As we all know, many countries have set forth requirements for domestic storage of important data, for example, the United States, Canada, Russia, Germany, China, Indonesia, Greek, Bulgaria, Denmark, Finland, Sweden, Turkey, Venezuela, Columbia, Argentina, and Brazil. On May 25th, the European Union’s General Data Protection Regulation officially came into force, empowering EU citizens to look up, change or delete their personal information, thus they can control their personal data when joining forums and social networks. The EU also requires service providers to inform service users of how their personal information will be used and commit to not providing such information to third parties. Violating companies may be fined up to EUR 20 million or 40 percent of their worldwide turnover. Looking at these examples, we can see that the draft Law’s provisions are appropriate and progressive.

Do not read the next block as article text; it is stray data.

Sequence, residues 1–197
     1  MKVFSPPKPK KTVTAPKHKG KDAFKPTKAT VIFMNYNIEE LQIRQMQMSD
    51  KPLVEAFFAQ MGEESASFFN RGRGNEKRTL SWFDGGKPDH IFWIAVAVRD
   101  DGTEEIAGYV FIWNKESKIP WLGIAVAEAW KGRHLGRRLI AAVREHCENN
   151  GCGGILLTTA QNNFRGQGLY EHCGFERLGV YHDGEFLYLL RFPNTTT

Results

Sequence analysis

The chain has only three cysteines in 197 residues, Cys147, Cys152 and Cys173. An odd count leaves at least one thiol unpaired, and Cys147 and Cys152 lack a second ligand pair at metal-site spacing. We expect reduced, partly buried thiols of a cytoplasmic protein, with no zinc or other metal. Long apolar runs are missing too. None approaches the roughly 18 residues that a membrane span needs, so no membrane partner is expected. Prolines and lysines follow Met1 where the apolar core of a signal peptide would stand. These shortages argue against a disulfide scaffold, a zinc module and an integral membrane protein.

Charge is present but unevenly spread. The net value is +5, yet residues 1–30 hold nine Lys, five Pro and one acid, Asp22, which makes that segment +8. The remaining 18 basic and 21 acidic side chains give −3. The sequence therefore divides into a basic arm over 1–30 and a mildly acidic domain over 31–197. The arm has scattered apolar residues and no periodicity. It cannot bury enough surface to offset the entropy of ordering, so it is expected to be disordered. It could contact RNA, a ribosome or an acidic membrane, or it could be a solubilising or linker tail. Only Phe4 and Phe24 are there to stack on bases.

It can be confirmed that the draft Law on Cyber Security neither forces all organizations and inpiduals to comply with these provisions nor requires storage of all data. Based on the requirements for ensuring and safeguarding national security, social order and fine cultural and ethical values and traditions of Vietnam, the Government will specify which types of organisations and agencies and which kinds of data will be governed by these regulations.
There have been opinions that these aforesaid data storage requirements do not conform to Vietnam’s international commitments and will block cross-border data flows and reduce the country’s GDP. What is your opinion?